“Um…that some have colors?” Maybe he thought I was playing a trick on him.
“Yes. Let’s right that down over here,” I said as I moved towards the left side of the board.
There were more students signaling now. I noticed Hannah among them. Hannah is legally blind, and she has some accommodations in the classroom. Perhaps most exciting for me is the addition of an Onyx machine — a camera and video magnifier with many features for accessibility. Hannah sits next to the machine while the other students sit on the rug so that she can zoom in on different parts of the board. Before her Onyx, I rarely saw her contribute any thinking in math class. Now, here she was, signaling with the rest of the class.
“Some are white. They’re just made of lines,” Hannah said, adding onto what Ezra had said. It was an important contribution — mathematically, and also in terms of building Hannah’s identity.
Students continued sharing ideas — about what the shapes reminded them of, about connections they made between these shapes and the recent work we had done with angles and parallel/perpendicular lines, and even visualizing ways these shapes fit together.
“Why do these shapes all go together?” One student asked. This is exactly where I had wanted to bring the class: that these shapes do have a feature in common. If a student hadn’t asked that question, I would have introduced the idea of a common feature to transition us to this thinking, especially since symmetry had not come up yet.
A few students looked puzzled. Sara bit the nail of her thumb. Ezra was starting to turn his body around towards Arjun, losing interest. A girl toward’s the back — Giselle — lit up, and shouted out her thinking impulsively, without signaling or stopping to form a sentence.
“Symmetrical!” Giselle called out. A number of students murmured “ohhhhh.”
“Yes, they all have lines of symmetry! Let’s talk about what that means,” I cued.
And so we did. Students were actually able to define it, pulling most of the intellectual weight throughout the lesson.
Following through with Problem-Based Instruction
Claire gave students very clear directions before they returned to their desks. Students were to work independently for 2 minutes first. (She elicited from them why it’s important to start working on your own first — develop your own thinking, have different ideas for the group to discuss, etc. — which is a conversation they clearly have had many times before.) Students then returned to their desk to work on the three prompts.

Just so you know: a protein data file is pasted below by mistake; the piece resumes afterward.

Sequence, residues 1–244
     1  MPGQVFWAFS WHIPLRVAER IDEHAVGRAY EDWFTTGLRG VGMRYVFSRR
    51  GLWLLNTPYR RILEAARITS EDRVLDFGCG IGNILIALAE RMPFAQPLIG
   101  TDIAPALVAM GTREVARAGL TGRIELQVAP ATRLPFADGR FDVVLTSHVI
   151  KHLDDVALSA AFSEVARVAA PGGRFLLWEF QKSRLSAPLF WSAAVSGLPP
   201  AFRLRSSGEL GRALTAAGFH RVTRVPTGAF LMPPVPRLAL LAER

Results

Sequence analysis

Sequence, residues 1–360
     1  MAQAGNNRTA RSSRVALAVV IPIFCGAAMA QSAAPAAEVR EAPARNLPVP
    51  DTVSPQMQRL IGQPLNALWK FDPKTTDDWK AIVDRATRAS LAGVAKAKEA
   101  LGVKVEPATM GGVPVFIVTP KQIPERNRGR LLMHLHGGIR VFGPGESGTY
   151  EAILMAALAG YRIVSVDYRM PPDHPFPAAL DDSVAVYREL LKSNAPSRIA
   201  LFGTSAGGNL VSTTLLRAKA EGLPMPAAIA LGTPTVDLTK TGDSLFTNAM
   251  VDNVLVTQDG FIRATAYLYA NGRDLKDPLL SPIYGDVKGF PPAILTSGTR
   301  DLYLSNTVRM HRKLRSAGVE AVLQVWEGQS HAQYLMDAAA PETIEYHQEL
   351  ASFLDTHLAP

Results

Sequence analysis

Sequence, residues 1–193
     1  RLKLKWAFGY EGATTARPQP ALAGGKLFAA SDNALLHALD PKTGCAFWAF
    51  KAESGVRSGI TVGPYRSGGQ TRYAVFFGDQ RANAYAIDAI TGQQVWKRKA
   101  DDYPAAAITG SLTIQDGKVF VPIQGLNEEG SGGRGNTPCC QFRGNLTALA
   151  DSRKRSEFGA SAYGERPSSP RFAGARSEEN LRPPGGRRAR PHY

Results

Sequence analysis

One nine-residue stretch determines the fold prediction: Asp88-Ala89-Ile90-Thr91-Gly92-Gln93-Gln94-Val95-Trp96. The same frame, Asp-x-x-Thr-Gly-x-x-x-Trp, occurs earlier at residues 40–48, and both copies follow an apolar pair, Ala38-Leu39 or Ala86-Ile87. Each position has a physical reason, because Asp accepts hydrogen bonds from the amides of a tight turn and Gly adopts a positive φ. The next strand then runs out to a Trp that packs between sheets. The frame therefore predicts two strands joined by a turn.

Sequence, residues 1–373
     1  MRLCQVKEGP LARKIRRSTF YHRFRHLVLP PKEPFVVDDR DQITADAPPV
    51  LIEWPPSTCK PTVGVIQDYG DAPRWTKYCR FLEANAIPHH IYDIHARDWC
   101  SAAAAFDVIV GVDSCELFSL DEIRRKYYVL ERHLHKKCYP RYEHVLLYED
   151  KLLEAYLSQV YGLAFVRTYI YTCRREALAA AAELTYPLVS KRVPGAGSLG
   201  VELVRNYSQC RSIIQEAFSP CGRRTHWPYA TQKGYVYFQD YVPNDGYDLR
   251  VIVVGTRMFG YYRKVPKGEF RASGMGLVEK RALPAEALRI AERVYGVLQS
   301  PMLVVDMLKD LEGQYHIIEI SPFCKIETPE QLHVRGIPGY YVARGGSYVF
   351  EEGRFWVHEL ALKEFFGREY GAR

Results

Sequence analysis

Claire and I noticed students using physical strategies to prove the line of symmetry. Some students cut out the shapes. Others folded along potential lines of symmetry, and held the paper up to the light to see if the sides matched. One student described an imaginary mirror. We wrote down exactly what he said on the left side of the board for other students to benefit from and build off of.
As the class worked, Claire and I chose several students to share their strategies and solutions.
Most students focused on creating and using replicas, and folding. We saw students debating with one another whether certain shapes, like that tricky one with the rectangles, had lines of symmetry that “didn’t count” based on how the rectangles were joined together. The classroom was abuzz. After work time, Claire and I brought the students back to the rug for a conversation to consolidate the day’s learning. Every single student had been successful in some way.
Of course, we also saw that most students preferred to use strategies that involved physical manipulation. This is exactly where some of Claire’s former students had gotten stuck in previous years. Because Claire had already named this as a limitation in the past, we were able to plan for it in our mini-unit. The second lesson, about symmetry within triangles, would encourage — and perhaps require — additional strategies. You can read more about that in the blog post about Lesson 2 (published Wed, Jan 8, at 4pm)
More Resources about the Notice/Wonder routine:
- Max Ray-Riek: slides from TMC Presentation
- Annie Fetter: video of Annie’s NCTM Ignite talk
- Greta Anderson wrote about the Power of Noticing and Wondering
- Resources from CollectEdNY
*In my blog, I use pseudonyms for all students, and most adults. ‘Claire’ helped choose her pseudonym.